Traditional leaders roped in to steer abortion debate 

Source: Traditional leaders roped in to steer abortion debate – NewsDay Zimbabwe


AS more women continue to die from backyard abortions, traditional leaders including chiefs have been roped into discussions to find a lasting solution which include the possible amendment of the 1977 Termination of Pregnancy Act.

Zimbabwe is among countries with high maternal mortality rates at 462 per 100 000 live births and illegal abortions contribute about a third of that figure.

On Tuesday, stakeholders met with the Chief’s Council and senators to deliberate the emotive subject which is taboo in communities despite many women and young girls dying from illegal abortions.
Dubbed “Breaking the silence”, the dialogue is running under a programme called SAFE engage (Strengthening Evidence-Based Policy to Expand Access to Safe Abortion).

The project aims to expand access to safe and legal abortion in multiple countries by providing decision-makers with the latest data on unsafe abortion and its consequences.
Speaking at the meeting, Chief Fortune Charumbira said the 1977 law was obsolete.

“This law was crafted by the former colonialists and so we deserve an opportunity to look at it,” he said.
Under the Act, abortion is only permissible under specific cases including rape, incest or where the mother is in mortal danger, but stakeholders have been agitating for widening of the Termination of Pregnancy Act to include other circumstances.

Charumbira, however, said as custodians of culture, the chiefs would need time to digest the issues being raised before making any decisions.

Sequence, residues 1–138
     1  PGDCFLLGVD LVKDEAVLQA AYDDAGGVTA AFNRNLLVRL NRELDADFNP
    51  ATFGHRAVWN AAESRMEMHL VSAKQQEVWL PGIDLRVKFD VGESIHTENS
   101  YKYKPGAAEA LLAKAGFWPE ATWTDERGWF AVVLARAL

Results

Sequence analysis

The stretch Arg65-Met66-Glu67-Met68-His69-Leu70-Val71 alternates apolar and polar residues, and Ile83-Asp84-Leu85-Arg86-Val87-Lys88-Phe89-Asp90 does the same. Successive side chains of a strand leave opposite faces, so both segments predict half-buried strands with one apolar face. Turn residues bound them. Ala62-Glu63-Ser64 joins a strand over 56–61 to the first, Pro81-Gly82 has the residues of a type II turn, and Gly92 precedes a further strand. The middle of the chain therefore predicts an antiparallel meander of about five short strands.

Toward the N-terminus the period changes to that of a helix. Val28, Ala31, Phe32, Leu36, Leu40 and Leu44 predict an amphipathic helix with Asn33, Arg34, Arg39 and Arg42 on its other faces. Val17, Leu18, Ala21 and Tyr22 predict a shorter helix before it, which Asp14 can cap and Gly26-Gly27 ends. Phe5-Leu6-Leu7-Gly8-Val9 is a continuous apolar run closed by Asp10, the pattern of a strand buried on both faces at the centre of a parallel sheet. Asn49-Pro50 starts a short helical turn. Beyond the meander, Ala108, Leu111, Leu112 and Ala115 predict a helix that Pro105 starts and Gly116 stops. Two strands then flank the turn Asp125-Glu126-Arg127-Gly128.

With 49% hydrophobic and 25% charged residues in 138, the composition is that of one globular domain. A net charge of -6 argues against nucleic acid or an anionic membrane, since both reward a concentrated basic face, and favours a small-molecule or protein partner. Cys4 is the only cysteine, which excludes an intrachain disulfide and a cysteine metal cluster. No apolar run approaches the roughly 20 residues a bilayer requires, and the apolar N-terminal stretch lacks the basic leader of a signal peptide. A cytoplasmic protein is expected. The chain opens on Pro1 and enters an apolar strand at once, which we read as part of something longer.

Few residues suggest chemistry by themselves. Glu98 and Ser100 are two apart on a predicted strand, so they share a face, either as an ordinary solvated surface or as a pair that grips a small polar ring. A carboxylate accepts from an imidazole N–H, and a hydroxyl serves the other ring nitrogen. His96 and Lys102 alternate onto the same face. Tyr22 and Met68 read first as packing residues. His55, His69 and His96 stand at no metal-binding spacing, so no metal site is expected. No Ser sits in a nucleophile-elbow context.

“We will go back and consult elders back in the villages. To the drivers of this initiative, there is need for wider consultation and more research,” he said.

Parliamentary Portfolio Committee on Health chairperson Ruth Labode said the majority of women not covered by the Act would still seek services elsewhere no matter the dangers involved.

She said Zimbabwean women were crossing over to neighbouring countries like Zambia, South Africa and Mozambique, where abortion was legal.

“In Zimbabwe, abortion is legal only for the rich who can come up with US$100 which is required at some private facilities. So the poor woman is the one who goes for the backyard abortion and bleeds to death,” she said.
Labode challenged stakeholders to be objective and consider what women were going through especially during the COVID-19 period.

“Access to contraceptives is difficult and the products are not there anyway. So what should women do under the circumstances?” Labode queried.

Of concern also for the stakeholders was the cost of post-abortion care.
While abortion is not open for all, post-abortion care is granted to any woman in need despite the circumstances.
Labode, however, said it was expensive.

“The woman will need surgery, maybe two or so pints of blood, antibiotics, qualified personnel. All this will deplete resources which we badly need in our facilities,” she said.

Women Action Group director Edinah Masiyiwa said they had decided to rope in chiefs and senators for guidance and input.

“Many women continue to die from illegal abortions. It is an issue we should start talking about as a country,” she said.